and various work of Sir John Harington, Queen Elizabeth’s “witty godson”, has
lately been attracting increasing scholarly attention, in such books as Jason
Scott-Warren’s The Book as Gift (2001), and Gerard Kilroy’s chapter on
Harington in Edmund Campion: memory and transcription (2005). After
his translation of Ariosto’s Orlando Furioso and his playful and satiric
volume on indoor privies, A new discourse of a stale subject, called The
metamorphosis of Ajax, Harington’s most significant work
was his collection of approximately 400 epigrams. However, scholars
to this point have been limited by their dependence upon Norman E. McClure’s
1930 edition. While this volume at least made the majority of epigrams
available in a modern edition, its basis in the early seventeenth-century
printed collections by John Budge that appeared after Harington’s death was
problematic. Kilroy has now provided a far more authoritative original-spelling
edition of the epigrams, based upon the gift manuscripts of epigrams that
Harington carefully prepared for King James and Prince Henry.
well-supported argument is that previous print collections disturbed the
significant thematic organization of the epigrams. While Harington might
dismiss them as random collections of trifles, a gesture common to
epigrammatists, the manuscript collections manifest an organizational
rationale. Throughout the four books, every tenth epigram (or “decade”) is of a
more serious religious nature, and form what Kilroy considers the essential
theological framework of the volume. Ultimately, the widespread concern with
religious matters marks a seriousness of purpose obscured by the early print
collections, from which these epigrams were largely absent. Extending the
argument he first advanced in Edmund Campion, Kilroy finds in Harington
a man who maintained at least a partial allegiance to the “old religion” of
Rome, and to the church traditions that it embodied. In addition, he portrays
Harington as one who, behind the mask of the “wise fool”, was a shrewd explorer
of the political situation throughout his literary works.
copy text is Folger MS V.a.249, a finely produced gift manuscript to the young
Prince Henry based upon a slightly earlier gathering prepared for King James; fully
collated with this are the related manuscripts BL Add. 12049 and Camb. U.L.
Adv.b.8.1. The manuscripts are fully described, and Kilroy tentatively suggests
that his copy-text is in the hand of Harington’s trusted servant Thomas Combe.
However, Kilroy also keeps in perspective that this is one version of
the epigrams framed for a particular audience, that it is “a moment in the
history of the text” (85). Some epigrams were omitted by Harington from these
manuscripts, which Kilroy has included in an appendix .
substantial 100-page introduction takes it place as the most significant
scholarly discussion of Harington’s epigrams to date, as Kilroy places the
epigrams in both their generic and historical contexts. He insists upon the dominant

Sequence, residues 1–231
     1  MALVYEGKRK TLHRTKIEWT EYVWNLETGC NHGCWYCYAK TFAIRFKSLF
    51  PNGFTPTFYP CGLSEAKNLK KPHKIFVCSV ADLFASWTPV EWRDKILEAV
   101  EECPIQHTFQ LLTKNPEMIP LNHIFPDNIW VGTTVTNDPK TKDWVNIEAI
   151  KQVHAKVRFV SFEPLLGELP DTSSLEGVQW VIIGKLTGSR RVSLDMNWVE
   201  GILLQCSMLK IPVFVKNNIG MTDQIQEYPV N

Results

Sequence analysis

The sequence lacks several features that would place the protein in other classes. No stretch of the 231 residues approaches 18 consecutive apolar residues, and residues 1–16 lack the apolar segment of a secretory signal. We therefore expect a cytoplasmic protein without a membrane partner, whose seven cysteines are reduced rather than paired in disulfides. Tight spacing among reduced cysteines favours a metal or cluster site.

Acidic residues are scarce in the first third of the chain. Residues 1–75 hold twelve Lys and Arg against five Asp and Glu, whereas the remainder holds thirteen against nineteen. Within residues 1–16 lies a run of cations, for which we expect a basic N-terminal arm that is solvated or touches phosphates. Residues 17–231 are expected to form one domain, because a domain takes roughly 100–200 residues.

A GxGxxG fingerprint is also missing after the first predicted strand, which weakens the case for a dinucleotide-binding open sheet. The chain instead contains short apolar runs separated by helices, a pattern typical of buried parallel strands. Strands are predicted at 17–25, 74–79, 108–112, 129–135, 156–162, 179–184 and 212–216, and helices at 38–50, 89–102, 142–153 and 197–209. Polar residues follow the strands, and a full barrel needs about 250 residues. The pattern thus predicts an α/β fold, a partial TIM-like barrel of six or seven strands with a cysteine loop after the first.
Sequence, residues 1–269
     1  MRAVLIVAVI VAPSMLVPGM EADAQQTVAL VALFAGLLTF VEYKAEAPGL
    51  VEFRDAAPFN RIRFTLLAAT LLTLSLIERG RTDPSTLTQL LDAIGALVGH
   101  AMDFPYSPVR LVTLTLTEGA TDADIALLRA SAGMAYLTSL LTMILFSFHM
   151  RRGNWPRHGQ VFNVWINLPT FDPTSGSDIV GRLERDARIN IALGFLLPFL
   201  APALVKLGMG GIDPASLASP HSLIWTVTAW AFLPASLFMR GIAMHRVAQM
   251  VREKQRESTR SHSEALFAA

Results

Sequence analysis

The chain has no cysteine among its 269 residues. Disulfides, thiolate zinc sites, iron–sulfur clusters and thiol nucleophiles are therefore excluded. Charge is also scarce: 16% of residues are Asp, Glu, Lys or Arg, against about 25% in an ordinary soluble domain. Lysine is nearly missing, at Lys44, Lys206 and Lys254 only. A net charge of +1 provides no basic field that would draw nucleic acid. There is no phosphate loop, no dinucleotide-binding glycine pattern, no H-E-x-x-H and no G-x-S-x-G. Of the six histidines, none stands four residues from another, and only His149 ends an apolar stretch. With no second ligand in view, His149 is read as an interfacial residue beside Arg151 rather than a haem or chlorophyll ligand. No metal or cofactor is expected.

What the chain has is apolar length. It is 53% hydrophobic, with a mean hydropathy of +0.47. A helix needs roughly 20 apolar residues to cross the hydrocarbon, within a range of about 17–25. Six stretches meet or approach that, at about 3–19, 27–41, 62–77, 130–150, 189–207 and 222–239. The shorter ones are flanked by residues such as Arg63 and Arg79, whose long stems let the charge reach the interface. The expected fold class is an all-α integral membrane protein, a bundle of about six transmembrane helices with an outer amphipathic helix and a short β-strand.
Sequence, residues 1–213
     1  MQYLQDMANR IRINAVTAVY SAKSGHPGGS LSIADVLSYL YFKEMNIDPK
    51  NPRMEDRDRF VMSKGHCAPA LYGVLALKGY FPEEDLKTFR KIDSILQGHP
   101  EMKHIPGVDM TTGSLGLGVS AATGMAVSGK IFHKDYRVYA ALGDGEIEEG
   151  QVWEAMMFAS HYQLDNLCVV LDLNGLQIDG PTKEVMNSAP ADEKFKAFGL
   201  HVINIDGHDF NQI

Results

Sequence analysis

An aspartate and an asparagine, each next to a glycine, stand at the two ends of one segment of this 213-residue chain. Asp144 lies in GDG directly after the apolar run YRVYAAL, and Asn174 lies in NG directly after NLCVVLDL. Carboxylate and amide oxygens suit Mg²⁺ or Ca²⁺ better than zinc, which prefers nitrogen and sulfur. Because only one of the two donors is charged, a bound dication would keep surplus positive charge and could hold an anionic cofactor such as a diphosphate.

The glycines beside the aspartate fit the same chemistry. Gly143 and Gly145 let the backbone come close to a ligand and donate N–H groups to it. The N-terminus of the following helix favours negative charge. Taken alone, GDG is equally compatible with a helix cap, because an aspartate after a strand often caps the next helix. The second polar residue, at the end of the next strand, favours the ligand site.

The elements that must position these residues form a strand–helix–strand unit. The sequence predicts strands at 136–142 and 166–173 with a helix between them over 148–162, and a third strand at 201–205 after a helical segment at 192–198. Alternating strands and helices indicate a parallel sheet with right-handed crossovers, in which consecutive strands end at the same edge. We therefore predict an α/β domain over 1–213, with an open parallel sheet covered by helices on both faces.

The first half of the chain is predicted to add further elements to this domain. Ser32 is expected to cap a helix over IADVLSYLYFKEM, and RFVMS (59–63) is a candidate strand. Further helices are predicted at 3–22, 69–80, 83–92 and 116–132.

influence of the Greek Anthology and the epigrams of Thomas More and
John Heywood, and perhaps overcompensates in downplaying the influence of
Martial. There are epigrams of Martialian abuse here, some directly
based upon Harington’s Latin forebear. Harington’s role as an incisive
critic of the political, religious and social corruptions of his time is ably
delineated. At times Kilroy might push the political reading too far; for
example, he distorts
the sense of “You that extol the blisse”(3:70) to make
it a “criticism of Elizabeth’s reign” (45), where the focus is really on the
corruption of the nation, and the willingness of a preacher to flatter the
nation rather than rebuke it. While Kilroy’s discussion focuses on the
political and religious concerns of Harington’s epigrams, he also gives due
attention to the domestic epigrams to his wife, the convivial ones celebrating
friendship, and the epigrams of praise. Worthwhile attention is offered to
Harington’s experimentation with stanza forms, which goes beyond that of any
other English epigrammatist writing in the period.
appended is a table that allows for easy correlation of this numbering to that
found in McClure, and also shows where the epigrams appeared in the two first
printings by Budge. My only regret is the absence of annotations on the
individual poems; in place of this Kilroy provides a preliminary thematic
commentary. However, with the high level of topical reference in the epigrams,
this more precise annotation would have been valuable. None of this should
take away from Kilroy’s accomplishment in providing what will now be the
standard edition for any scholarly citation of Harington’s epigrams.
Sir John. The Letters and Epigrams of Sir John Harington. Ed. Norman
Egbert McClure. Philadelphia: U of Pennsylvania P, 1930.
Gerard. Edmund Campion: Memory and Transcription. Aldershot: Ashgate,
Jason. Sir John Harington and the Book as Gift. Oxford: Oxford UP, 2001.
Responses to this piece intended for the
Readers' Forum may be sent to the Editor at M.Steggle@shu.ac.uk.